Busiris, which had once awarded Nixon an honorary degree, was one of a handful of American campuses
on which a Nixon man could safely have set foot that year. Balanced between the great Democratic
machine upstate and the concentration of Republicans downstate, Illinois was considered crucial to the
President's cause. An invitation was solicited, and not two weeks before the election the Secretary of
Defense was dispatched to downstate Illinois to remind voters that their Republican president needed
their help in keeping America and the world safe for General Motors.
         What remained of the Busiris radical white left, humiliated by the S. D. S. assassinations, saw
Laird's visit as something the whole wide world would be watching, and a chance to put Tech in the New
York Times. Field House construction two years earlier had been largely the domain of the Black Student
Alliance, which had politely but firmly rejected white offers of direct assistance. And frustrated whites,
having read their Stokely Carmichael, kept their distance, knowing that while other colleges had canceled
classes and even graduations, booted R. O. T. C. off campus, burned buildings, and even provoked police
into beating and shooting students, Busiris had in the sixties done nothing worthy of national attention.
With the radical moment waning and the war an all but settled issue, Laird's visit looked like one last
chance for the white left to assert itself.
         So confrontation was from the beginning the order of the day—confrontation and maximum
publicity. Less than a week after the Riverton Standard-Republican broke the news of Laird’s visit, a group
calling itself Students for an Impartial Hearing on the Vietnam War announced plans for a day-long
teach-in at the Odeon Theater, directly across the street from the Hilton. Their announcement brought
little reaction in either state or local newspapers, until the city moved to block their rental of the theater
on the specious grounds that Students for an Impartial Hearing was an ad hoc group without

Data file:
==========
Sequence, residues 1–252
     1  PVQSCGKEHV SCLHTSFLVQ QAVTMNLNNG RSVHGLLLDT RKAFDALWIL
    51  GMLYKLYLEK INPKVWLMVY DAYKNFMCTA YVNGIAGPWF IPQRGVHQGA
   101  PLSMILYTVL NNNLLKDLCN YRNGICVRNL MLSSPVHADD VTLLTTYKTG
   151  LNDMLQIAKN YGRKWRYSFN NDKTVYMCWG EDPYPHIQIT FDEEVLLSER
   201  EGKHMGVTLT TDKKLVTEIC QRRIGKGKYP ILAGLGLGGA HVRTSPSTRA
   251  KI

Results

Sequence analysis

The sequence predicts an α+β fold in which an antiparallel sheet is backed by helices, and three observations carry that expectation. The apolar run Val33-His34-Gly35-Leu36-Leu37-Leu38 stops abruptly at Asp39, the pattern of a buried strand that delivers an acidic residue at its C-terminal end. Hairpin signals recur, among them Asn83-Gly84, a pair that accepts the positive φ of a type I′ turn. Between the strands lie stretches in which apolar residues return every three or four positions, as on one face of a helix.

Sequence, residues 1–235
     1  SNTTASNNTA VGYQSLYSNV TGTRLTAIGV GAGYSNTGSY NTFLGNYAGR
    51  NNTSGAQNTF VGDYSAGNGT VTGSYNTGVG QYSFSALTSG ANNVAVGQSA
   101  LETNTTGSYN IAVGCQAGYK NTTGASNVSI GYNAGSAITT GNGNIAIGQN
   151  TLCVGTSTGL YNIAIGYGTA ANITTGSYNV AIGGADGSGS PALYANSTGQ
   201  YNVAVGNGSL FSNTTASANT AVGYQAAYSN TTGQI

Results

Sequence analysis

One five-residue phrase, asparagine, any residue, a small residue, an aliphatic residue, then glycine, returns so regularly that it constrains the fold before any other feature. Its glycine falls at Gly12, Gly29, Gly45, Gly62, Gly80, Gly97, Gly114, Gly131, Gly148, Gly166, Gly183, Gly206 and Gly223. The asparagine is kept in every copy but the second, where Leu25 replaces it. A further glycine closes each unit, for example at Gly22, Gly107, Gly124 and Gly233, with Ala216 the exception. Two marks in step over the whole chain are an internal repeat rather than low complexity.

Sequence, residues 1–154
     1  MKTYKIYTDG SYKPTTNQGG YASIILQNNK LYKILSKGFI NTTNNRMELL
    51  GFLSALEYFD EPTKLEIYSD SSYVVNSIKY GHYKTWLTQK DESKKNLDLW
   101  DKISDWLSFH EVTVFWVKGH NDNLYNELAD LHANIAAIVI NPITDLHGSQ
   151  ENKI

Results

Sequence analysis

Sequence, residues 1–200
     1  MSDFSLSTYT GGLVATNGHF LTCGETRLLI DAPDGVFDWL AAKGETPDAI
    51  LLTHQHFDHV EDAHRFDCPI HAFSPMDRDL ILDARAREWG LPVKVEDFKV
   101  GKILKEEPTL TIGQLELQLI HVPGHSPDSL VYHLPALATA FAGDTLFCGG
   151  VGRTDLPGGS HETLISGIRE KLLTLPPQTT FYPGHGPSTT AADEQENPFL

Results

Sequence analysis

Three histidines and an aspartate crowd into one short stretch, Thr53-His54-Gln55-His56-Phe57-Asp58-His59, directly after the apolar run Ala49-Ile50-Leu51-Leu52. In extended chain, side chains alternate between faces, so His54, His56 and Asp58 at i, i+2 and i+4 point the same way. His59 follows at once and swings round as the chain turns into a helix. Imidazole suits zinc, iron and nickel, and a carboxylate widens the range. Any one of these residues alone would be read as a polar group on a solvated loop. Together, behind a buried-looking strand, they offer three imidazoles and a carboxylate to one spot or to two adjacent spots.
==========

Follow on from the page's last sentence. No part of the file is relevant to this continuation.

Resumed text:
demonstrated ability to guarantee the behavior of participants in the teach-in and financially unable to
post bond against a potential riot. Radio, television, and newspapers covered the especially ugly
confrontation between city officials and radical students at a city council meeting.
         And the students had their publicity, if not their teach-in.
         Then the Black Student Alliance, partially at Charles' request and partially to demonstrate its own
muscle, stepped in on the side of the anti-war radicals. Billy Jo Allen announced that since most of the
deaths in Vietnam were black deaths, and since Laird and the whole Nixon crew was a bunch of “racist
pigs,” the struggle against the war was a black struggle even more than a white struggle. He called upon
Busiris faculty, students, and administrators to support the teach-in publicly and financially. He did this
merely to tweak Busiris, knowing that several Tech trustees were prominent members of the
Businessmen’s Association, which had invited Laird in the first place. Allen offered the Alliance to front
for the whites in renting the theater.
         Knowing students would receive no support from their college, City Manager William Wright
offered to allow Busiris, or a registered student club like the Alliance, to rent the Odeon on the condition
that Busiris accept legal and financial responsibility for “damage to persons, property or the civil peace
resulting directly or indirectly from student-sponsored activities.” In effect City Council was throwing
the matter back into the hands of University administrators, which was where they felt the problem
belonged anyway. As expected—or conspired—Old Main refused to guarantee its students’ behavior.
With the situation at an impasse, a meeting was held off campus . . . in the apartment Jack and Rose
Marié were renting on Harrison Street.
         At the time, Rose Marié was in New York with Timm, visiting her folks prior to giving birth to